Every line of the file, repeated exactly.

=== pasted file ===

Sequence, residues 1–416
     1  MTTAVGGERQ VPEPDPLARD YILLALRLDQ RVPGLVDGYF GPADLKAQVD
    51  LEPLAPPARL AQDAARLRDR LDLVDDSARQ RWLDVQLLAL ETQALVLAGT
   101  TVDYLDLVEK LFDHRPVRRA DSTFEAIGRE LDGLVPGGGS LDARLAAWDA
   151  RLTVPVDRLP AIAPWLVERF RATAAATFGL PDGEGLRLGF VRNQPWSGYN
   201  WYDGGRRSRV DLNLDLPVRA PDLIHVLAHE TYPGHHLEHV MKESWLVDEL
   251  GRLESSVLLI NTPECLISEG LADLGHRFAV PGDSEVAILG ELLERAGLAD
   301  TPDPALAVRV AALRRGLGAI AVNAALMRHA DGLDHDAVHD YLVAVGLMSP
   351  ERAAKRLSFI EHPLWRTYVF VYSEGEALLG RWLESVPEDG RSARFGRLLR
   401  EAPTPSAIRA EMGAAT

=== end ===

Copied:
Sequence, residues 1–416
     1  MTTAVGGERQ VPEPDPLARD YILLALRLDQ RVPGLVDGYF GPADLKAQVD
    51  LEPLAPPARL AQDAARLRDR LDLVDDSARQ RWLDVQLLAL ETQALVLAGT
   101  TVDYLDLVEK LFDHRPVRRA DSTFEAIGRE LDGLVPGGGS LDARLAAWDA
   151  RLTVPVDRLP AIAPWLVERF RATAAATFGL PDGEGLRLGF VRNQPWSGYN
   201  WYDGGRRSRV DLNLDLPVRA PDLIHVLAHE TYPGHHLEHV MKESWLVDEL
   251  GRLESSVLLI NTPECLISEG LADLGHRFAV PGDSEVAILG ELLERAGLAD
   301  TPDPALAVRV AALRRGLGAI AVNAALMRHA DGLDHDAVHD YLVAVGLMSP
   351  ERAAKRLSFI EHPLWRTYVF VYSEGEALLG RWLESVPEDG RSARFGRLLR
   401  EAPTPSAIRA EMGAAT